Funeral Directed

On Friday morning, my wife and her sisters gathered at the funeral home to make the arrangements for their mother’s wake and burial. I went along, as did another sister’s husband. Two of the women had been through the process fairly recently when they planned their brother’s funeral at the same location two-and-a-half years ago.

Our meeting with the funeral director began at 11:00 a.m. There was a lot to discuss before the 1:00 p.m. printing deadline. In addition to the text for a death notice in The Washington Post, we needed to submit one photo for  prayer cards, ten photos for a tri-fold brochure, and twenty-five photos for a DVD slideshow that would play during the wake.

In the course of searching for pictures, the combined families came up with around 250 photos. We decided to set up an additional slideshow on my wife’s laptop computer, which we would place in another area of the funeral home.

As we went over some details, I must have said something to break the tension. When we got to the listing of names for the death notice, my wife suggested that her husband’s name could be listed as “that joker.” Later, when someone said her knee felt stiff, the funeral director laughed and said, “don’t say that around here!”

One of the sisters brought a pink dress that my mother-in-law had worn to a family wedding in 2012. They ordered a spray of flowers and picked out a casket. The family already had a burial plot next to my father-in-law’s grave. We were told that the cemetery requires either a grave liner or a burial vault.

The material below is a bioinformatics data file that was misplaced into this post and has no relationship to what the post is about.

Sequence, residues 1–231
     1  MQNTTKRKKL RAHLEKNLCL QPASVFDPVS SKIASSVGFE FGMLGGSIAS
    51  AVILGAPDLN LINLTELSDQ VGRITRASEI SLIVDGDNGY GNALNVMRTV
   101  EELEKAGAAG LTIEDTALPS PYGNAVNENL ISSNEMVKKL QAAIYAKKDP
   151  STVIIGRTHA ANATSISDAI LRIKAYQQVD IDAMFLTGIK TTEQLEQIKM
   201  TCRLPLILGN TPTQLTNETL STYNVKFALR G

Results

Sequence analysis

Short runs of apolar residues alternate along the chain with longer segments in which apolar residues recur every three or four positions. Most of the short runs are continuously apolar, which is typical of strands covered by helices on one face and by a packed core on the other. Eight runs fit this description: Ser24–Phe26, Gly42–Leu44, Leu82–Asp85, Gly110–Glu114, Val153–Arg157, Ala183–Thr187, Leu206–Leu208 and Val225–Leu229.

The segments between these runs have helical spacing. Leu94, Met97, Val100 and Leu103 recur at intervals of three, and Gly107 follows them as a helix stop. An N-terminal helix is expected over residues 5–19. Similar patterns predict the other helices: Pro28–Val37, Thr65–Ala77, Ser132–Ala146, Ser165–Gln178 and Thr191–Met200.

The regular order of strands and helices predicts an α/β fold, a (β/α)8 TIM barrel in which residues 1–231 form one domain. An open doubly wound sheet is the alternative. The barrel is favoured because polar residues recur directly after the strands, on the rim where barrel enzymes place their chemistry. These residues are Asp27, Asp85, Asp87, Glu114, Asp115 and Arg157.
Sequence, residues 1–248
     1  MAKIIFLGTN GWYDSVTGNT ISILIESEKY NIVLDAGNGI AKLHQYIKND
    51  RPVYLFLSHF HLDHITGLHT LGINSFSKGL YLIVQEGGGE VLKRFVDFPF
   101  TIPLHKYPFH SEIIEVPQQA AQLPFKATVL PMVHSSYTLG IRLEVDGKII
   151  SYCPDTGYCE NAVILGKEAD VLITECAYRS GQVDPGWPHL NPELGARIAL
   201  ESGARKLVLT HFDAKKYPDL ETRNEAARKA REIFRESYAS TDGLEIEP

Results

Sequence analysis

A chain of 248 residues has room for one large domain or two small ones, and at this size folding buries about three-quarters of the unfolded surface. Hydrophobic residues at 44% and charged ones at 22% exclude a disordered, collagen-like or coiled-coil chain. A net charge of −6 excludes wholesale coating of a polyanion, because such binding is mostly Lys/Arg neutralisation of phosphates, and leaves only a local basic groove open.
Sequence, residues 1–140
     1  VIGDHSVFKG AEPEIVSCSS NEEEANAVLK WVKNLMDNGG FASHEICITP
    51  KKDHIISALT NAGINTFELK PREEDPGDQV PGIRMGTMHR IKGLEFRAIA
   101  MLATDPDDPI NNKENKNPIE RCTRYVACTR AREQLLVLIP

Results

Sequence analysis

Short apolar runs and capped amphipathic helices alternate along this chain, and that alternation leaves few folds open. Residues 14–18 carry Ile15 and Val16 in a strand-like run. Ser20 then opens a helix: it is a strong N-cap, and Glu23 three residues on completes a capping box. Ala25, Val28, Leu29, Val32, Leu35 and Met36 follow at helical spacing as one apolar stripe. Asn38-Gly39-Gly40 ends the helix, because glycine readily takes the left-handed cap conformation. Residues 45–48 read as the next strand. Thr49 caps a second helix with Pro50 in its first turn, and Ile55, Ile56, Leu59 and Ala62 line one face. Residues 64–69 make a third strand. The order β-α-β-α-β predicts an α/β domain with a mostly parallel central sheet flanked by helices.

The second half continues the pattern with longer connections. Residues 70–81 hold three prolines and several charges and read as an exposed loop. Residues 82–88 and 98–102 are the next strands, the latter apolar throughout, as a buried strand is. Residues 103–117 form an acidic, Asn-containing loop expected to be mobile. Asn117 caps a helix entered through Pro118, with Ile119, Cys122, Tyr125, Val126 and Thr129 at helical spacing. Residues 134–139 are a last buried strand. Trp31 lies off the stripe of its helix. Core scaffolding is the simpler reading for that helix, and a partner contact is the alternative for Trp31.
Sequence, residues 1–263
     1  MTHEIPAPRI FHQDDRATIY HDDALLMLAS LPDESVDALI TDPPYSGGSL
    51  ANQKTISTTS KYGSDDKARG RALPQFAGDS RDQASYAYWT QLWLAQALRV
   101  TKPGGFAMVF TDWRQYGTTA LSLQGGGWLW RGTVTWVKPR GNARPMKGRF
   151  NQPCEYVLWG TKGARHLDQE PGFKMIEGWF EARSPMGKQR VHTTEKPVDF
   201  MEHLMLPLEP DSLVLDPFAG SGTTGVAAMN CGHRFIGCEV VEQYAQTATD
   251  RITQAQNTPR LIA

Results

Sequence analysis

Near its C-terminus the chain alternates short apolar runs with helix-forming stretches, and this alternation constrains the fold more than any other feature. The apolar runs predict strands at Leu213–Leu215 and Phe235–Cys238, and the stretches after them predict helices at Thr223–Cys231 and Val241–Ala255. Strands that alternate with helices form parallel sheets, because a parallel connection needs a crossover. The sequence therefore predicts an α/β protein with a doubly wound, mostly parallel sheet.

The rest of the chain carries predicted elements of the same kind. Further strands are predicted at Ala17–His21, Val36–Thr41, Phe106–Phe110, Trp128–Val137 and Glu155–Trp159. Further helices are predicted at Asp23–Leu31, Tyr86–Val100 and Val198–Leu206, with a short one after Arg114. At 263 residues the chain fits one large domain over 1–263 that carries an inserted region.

Apart from the group, I asked the funeral director some specific questions about caskets and vaults. My curiosity got me labeled by the staff as “the guy from Tennessee who knows a lot.”

The planning for the funeral Mass would come the next day at the church. I helped them get a head start by searching online for appropriate Bible readings. There is a booklet called Through Death to Life by Monsignor Joseph Champlin that many parishes use. It contains several choices for Old Testament, New Testament and Gospel readings.

For my mother-in-law’s funeral, they chose Isaiah 25:6, 7-9 as the first reading; Romans 5:5-11 as the second reading; and John 14:1-6 as the Gospel reading. My wife chose to sing her mother’s favorite Christmas hymn, “O Holy Night,” as a prelude. She and Frank Jr. decided to sing a duet of “Panis Angelicus” as the Communion hymn, like they did in 2012.

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